We’ve come a long way, baby!

In St. Louis in 1981, the National Association of Miniature Enthusiasts held a national convention. It was there that Esther Olson introduced her process for making miniature candies from FIMO®.  Today we would recognize these techniques as millefiore caning.  From that inconspicuous beginning, caning has evolved into extraordinary art, as seen in the work of accomplished artists like Sarah Shriver.

The inspiration for Esther’s techniques came from her experience working in a candy factory during the 1950’s.  As a result of the enthusiastic response she received at the convention, Esther published a manual called “That Incredible Fimo.”  While I have not been able to locate an extant edition of this manual, I did find a copy of her later booklet, “Fimo Sweets” published in 1983.  In this small 14 page booklet, Esther illustrated the construction of many cane designs including flowers and bull’s eyes.  Most astonishing are her illustrations for a complicated butterfly, a bow and a Santa face,  canes which she built using needlepoint charts.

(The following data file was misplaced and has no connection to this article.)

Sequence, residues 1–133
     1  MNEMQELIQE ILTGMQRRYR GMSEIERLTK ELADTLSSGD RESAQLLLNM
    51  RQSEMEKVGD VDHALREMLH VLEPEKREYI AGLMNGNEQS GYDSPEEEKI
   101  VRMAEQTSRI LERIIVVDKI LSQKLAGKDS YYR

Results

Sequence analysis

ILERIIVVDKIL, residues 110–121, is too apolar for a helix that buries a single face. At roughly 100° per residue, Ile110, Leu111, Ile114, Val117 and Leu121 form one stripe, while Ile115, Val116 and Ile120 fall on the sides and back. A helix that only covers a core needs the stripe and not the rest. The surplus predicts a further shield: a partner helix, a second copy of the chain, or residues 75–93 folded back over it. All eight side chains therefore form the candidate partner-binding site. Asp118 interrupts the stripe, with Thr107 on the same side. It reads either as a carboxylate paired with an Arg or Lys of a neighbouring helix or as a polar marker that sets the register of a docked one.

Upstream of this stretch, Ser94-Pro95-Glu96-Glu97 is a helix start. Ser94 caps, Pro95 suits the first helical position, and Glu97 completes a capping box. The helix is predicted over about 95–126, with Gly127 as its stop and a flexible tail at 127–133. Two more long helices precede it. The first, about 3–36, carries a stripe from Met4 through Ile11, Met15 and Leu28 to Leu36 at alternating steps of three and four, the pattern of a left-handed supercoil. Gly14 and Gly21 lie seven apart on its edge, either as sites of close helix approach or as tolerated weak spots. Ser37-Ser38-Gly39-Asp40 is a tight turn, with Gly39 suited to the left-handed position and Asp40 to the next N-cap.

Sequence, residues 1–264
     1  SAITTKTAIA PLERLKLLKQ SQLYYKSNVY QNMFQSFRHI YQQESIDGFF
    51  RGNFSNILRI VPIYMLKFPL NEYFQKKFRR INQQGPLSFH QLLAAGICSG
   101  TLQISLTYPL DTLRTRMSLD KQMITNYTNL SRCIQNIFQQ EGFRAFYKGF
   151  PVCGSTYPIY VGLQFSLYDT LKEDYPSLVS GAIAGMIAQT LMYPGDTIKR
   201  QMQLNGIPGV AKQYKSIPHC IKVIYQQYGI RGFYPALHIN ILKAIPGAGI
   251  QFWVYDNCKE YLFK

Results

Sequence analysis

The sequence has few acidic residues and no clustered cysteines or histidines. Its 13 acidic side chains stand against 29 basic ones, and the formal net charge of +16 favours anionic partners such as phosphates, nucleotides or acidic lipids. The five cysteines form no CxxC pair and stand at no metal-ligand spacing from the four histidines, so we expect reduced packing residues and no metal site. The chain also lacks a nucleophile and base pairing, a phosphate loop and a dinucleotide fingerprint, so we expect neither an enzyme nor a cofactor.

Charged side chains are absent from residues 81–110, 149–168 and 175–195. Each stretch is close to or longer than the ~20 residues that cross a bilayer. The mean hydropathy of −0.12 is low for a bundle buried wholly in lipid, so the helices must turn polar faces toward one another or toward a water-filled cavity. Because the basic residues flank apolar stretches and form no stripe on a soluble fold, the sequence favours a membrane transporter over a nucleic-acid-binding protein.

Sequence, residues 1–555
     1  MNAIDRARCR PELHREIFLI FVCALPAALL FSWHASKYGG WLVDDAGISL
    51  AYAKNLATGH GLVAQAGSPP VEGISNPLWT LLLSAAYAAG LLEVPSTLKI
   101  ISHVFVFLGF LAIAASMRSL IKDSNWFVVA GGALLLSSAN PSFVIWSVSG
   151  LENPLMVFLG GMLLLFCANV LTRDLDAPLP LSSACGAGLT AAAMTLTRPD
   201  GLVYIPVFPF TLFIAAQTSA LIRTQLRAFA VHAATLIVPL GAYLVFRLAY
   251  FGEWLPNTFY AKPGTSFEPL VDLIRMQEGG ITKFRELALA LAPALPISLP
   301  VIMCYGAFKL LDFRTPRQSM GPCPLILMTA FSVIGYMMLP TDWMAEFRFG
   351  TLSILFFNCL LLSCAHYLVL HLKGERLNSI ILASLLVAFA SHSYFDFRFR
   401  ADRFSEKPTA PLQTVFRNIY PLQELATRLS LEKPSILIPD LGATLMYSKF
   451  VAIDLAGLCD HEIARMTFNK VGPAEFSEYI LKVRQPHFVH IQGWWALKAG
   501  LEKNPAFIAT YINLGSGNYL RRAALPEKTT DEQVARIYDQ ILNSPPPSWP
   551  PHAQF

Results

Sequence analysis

I cannot remember a time in my life that I wasn't interested in looking at art, talking about art and the making of art. In 1990 I earned a Phd in art history at the University of Maryland. My first experiences with polymer clay were in 1992, but I consider my real work with the medium to date from 1999.